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Tackling disinvestment in health care services

Williams, Iestyn and Robinson, Suzanne and Daniels, Thomas (2013) Tackling disinvestment in health care services. Journal of Health, Organization and Management. ISSN 1477-7266 (In Press)

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Rising levels of demand due to ageing populations and increases in long term conditions (White 2007), increased levels of expectation amongst patients and inflationary pressure caused by the rising cost of new technologies are amongst the explanations for the funding shortfalls in government funded health systems across the world (Newhouse 1992). The challenge facing these health systems has also been intensified by the worldwide economic downturn. Within health systems, efforts have been made to increase productivity and efficiency and to control costs without reducing quality (Garner and Littlejohns 2011) but the scale of the task necessitates further action (Donaldson et al. 2010). Beyond productivity and efficiency gains the next logical step for decision makers is disinvestment in cost-ineffective services, prioritisation of funding for one service over another or what Prasad (2012) refers to as ‘medical reversal’. The aims of this study were to explore the experiences of budget holders within the English National Health Service (NHS) in their attempts to implement programmes of disinvestment, and to consider factors which influence the success (or otherwise) of this activity. This paper begins with clarification of terminology and a summary of the current state of knowledge with regard to health service disinvestment, before presenting and discussing findings. The research suggests that disinvestment activity is varied across organisations and ranges from ‘invest to save’ schemes through to ‘true disinvestment.’ Although the majority of interviewees accept that disinvestment is necessary most had made little progress at the time of interview beyond ‘picking the low hanging fruit’. Interviewees identify a number of determinants of disinvestment such as: local/national relationships, co-ordination/ collaboration and; professional understanding and support.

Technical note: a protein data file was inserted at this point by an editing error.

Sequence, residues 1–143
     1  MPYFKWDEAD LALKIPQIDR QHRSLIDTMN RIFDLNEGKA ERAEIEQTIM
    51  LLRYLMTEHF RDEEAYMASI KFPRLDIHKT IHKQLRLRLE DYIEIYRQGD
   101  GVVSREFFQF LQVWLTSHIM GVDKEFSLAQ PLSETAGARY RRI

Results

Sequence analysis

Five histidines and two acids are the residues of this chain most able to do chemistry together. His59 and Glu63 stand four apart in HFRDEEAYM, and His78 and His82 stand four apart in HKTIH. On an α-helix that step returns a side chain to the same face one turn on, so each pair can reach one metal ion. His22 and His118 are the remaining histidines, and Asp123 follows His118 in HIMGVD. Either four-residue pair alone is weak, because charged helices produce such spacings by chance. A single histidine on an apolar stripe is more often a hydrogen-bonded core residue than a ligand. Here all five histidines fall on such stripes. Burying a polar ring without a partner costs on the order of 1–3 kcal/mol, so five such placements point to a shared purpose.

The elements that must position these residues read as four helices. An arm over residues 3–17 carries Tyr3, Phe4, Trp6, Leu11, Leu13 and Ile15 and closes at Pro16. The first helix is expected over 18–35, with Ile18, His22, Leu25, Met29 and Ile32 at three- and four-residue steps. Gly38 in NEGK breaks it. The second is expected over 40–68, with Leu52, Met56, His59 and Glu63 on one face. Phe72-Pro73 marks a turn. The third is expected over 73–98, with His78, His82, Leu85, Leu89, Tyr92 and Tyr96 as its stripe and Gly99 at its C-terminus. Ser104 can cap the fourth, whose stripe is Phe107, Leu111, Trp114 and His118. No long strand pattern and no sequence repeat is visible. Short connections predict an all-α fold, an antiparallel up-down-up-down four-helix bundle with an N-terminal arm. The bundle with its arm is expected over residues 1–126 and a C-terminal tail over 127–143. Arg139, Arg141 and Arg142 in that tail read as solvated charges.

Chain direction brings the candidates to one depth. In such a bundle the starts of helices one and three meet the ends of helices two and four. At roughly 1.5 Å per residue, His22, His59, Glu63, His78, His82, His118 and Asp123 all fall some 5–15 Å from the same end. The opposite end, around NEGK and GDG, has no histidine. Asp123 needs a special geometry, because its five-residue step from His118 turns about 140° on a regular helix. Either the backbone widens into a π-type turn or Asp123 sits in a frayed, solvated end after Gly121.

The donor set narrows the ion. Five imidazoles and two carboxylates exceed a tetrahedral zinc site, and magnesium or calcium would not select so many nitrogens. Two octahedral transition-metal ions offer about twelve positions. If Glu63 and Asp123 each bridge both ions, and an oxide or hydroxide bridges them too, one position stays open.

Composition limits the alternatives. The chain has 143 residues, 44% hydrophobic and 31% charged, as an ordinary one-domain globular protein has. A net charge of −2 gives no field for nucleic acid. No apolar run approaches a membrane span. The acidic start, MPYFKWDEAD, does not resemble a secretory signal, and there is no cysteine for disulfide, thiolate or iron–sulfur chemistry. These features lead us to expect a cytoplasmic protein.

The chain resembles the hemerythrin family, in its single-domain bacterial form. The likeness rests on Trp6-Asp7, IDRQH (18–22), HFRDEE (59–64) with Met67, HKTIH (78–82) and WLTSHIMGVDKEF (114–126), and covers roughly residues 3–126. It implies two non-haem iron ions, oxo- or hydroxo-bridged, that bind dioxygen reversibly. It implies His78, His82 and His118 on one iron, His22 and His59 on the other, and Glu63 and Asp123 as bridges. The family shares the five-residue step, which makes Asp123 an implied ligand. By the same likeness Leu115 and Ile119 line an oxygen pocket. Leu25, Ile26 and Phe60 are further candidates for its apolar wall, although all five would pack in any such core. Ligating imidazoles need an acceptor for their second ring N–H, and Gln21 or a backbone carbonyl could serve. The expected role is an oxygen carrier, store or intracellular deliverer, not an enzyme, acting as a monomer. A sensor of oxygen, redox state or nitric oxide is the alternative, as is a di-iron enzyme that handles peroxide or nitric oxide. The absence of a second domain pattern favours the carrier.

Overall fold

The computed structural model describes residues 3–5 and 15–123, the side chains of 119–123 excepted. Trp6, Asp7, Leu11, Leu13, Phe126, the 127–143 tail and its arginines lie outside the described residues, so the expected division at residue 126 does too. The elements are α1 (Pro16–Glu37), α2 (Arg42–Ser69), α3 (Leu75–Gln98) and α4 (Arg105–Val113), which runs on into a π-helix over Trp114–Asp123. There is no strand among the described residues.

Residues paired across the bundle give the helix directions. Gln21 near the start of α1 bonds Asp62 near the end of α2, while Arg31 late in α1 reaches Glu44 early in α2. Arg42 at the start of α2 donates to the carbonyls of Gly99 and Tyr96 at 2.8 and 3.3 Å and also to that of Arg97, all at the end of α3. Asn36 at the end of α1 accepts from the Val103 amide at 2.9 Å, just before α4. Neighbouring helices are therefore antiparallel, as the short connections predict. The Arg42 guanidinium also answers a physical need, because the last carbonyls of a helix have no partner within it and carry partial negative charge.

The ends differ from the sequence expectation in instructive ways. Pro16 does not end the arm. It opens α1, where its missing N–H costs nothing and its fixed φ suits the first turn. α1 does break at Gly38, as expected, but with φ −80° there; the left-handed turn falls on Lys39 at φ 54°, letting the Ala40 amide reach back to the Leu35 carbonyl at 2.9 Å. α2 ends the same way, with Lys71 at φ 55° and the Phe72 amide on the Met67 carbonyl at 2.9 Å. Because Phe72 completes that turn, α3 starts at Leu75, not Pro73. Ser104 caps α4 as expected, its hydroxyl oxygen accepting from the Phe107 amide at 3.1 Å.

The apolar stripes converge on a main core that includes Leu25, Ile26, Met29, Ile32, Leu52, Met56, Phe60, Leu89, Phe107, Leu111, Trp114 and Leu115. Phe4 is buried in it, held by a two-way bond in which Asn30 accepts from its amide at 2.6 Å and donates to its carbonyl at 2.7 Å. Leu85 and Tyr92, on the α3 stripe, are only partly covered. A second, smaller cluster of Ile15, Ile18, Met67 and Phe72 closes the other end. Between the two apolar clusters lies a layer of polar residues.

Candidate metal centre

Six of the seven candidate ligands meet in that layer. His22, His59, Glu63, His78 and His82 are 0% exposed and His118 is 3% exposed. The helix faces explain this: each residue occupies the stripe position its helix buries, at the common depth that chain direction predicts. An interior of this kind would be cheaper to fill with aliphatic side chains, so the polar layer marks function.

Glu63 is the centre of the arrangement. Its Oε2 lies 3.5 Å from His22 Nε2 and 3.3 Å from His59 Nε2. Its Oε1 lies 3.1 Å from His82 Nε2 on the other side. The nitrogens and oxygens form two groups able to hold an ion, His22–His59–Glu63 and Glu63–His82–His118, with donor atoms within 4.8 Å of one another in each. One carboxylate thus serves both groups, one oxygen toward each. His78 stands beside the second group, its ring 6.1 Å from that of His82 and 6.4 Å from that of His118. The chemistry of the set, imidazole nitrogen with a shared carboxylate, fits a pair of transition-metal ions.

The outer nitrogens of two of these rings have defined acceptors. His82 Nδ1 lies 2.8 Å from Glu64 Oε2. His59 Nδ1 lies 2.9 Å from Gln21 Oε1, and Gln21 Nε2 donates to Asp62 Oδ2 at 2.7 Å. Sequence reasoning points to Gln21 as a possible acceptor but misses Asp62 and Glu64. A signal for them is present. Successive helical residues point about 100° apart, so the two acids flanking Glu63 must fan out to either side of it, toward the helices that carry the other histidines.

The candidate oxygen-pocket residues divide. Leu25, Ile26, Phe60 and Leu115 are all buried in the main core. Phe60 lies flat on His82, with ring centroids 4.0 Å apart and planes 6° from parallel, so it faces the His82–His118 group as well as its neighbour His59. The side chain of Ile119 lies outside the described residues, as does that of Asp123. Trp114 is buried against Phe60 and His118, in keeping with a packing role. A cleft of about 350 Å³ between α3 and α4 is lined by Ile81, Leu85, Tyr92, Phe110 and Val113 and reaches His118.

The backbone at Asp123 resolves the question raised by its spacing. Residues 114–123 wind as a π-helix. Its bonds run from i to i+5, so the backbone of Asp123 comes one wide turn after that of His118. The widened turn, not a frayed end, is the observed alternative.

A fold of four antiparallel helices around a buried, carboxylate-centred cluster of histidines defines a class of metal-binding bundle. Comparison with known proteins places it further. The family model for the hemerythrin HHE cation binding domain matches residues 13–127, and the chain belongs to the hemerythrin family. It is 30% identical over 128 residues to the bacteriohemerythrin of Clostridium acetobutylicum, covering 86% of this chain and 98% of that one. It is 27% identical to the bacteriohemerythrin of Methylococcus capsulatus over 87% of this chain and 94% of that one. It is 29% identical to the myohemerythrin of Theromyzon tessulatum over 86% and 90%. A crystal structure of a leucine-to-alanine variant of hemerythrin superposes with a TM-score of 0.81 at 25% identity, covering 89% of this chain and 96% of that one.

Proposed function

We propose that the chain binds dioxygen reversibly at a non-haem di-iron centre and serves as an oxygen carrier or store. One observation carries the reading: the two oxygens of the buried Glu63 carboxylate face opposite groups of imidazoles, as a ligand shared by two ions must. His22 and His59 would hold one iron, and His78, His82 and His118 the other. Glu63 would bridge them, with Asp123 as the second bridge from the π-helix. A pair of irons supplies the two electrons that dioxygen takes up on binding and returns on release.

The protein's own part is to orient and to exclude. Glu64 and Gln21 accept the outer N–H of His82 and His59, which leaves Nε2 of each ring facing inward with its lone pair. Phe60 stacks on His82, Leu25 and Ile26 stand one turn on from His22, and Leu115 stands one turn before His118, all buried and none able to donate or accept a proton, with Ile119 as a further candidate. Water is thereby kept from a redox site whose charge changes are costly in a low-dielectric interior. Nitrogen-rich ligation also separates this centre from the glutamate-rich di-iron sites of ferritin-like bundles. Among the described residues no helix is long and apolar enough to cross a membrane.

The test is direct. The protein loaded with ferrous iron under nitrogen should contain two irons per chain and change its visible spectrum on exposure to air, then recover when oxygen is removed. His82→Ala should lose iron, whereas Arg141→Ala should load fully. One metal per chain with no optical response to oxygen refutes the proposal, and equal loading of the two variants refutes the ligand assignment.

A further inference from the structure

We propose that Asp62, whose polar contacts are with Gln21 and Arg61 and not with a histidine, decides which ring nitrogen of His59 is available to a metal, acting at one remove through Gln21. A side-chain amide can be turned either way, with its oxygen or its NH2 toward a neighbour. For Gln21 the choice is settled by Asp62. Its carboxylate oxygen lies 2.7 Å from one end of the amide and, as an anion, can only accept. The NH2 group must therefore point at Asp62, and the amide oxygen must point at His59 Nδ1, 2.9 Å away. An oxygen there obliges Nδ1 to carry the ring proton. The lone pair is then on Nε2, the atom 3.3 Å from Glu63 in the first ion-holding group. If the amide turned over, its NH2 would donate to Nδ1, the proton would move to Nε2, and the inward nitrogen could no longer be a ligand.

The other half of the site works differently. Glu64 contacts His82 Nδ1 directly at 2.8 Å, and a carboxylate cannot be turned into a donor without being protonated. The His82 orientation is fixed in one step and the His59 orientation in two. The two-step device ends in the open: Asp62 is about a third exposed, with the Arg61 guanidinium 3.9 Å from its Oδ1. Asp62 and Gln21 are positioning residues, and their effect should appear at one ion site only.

Type of Work:Article
Date:10 January 2013 (Submission)
School/Faculty:Colleges (2008 onwards) > College of Social Sciences
Department:Health Services Management Centre
Subjects:H Social Sciences (General)
Institution:University of Birmingham
Copyright Holders:Emerald
ID Code:1311
Refereed:YES
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